Trauma: Stuck as prey or predator animal

 

From nature’s side, we are equally prey and predator. Any time we are in danger of being hurt by another we are in an prey position. And any time we are in a situation where we can hurt or – in theory – kill and eat someone else, we are in a predator position. Each one comes with certain characteristics which aids our survival.

When we are less traumatized, or sometimes if a trauma is not triggered, we have a more relaxed relationship to these two roles. We shift into either when it’s needed, and out of it when the situation changes again.

In contrast, when we are traumatized and the trauma is not cleared or released, we can get stuck in one or both roles. We can perceive and act as if we are permanently prey or predator.

Being able to go into and out of these roles fluidly is a great evolutionary gift. It’s what has allowed our species to survive, and still – even in our modern society – allows us as individuals to survive. (For instance, the prey animal in us may be triggered when we are about to get into a car accident, allowing us to act more quickly by bypassing consicous deliberation and decisions.)

The good thing is that we have ways to release trauma. One of them is even built into our bodies in the form of neurogenic tremors. (Tension and Trauma Release Exercises is a way for us to access this mechanism.)

This topic came to mind since I have been interacting with horses lately. I have been very aware of them perceiving and acting as prey animals, as they are. And although I see them as partners and equals as beings, I am in a predator position (control). Horses have only one role, but humans shift between either.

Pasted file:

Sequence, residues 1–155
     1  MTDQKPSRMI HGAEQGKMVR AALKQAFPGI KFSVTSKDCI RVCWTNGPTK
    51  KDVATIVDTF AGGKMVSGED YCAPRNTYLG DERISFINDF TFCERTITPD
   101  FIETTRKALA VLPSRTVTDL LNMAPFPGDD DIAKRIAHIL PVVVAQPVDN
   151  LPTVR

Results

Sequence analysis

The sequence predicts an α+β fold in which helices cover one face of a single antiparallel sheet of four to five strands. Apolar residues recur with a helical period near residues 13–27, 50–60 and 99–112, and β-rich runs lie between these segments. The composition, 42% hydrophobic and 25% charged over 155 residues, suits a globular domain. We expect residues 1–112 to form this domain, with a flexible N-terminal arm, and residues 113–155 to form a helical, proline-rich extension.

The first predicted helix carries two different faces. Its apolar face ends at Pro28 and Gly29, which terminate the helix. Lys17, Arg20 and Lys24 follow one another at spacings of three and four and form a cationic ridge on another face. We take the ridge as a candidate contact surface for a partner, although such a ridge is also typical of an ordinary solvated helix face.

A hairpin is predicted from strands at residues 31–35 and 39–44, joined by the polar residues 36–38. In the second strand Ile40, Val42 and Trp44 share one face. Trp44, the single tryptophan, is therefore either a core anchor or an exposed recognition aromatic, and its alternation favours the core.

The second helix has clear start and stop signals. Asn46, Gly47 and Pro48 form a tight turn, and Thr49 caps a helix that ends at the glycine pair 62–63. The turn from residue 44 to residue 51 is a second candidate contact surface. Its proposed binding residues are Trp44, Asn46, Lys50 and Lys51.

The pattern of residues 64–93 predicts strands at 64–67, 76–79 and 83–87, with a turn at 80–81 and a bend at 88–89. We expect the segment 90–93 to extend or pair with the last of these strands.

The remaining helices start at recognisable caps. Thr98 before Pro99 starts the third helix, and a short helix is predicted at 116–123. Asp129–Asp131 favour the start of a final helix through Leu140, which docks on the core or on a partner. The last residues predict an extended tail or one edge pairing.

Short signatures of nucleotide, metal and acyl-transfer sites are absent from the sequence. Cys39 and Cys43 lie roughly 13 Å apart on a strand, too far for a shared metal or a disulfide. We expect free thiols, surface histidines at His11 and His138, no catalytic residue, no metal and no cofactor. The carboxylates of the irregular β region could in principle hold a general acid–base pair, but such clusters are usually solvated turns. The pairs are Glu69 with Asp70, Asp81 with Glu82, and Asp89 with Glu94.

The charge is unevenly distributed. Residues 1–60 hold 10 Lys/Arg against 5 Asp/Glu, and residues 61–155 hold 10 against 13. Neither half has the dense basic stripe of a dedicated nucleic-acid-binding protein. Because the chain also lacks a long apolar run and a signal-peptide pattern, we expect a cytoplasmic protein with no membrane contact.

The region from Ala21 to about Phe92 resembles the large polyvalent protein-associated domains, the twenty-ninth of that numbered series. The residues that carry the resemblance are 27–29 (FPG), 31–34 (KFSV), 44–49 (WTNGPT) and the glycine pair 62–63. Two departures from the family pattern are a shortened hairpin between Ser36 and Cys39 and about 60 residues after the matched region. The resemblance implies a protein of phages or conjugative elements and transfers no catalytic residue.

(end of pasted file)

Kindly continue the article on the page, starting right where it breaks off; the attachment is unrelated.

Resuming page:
This topic has also come to mind when I see Trump. I imagine he is pretty traumatized, and he may be stuck in perceiving himself as prey (fearful) and acting as a predator (dominance, power oriented) in order to compensate for it.

The photo is of Niki after having had a roll in the snow. She is relaxed since she is not perceiving any current threats and is not actively in a prey role, although she can shift into it at any moment if the situation calls for it.

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Initial notes…..

  • trauma: becoming a prey animal
    • (spent some time w. horses)
    • we are equally prey and predators in an evolutionary context
    • when we are traumatized, and don’t clear/release the trauma, then become much more a prey animal – alert, high strung, easily scared, etc.
    • sometimes, may try to compensate by becoming overly predator (Trump may be an example)
    • fff – evolutionary gifts, but may become stuck in one or several of those patterns – if not cleared/released
    • more accurately – stuck in prey/predator mode instead of moving more freely between and being more neutral towards both

Each role triggers certain qualities in us which supports our survival.

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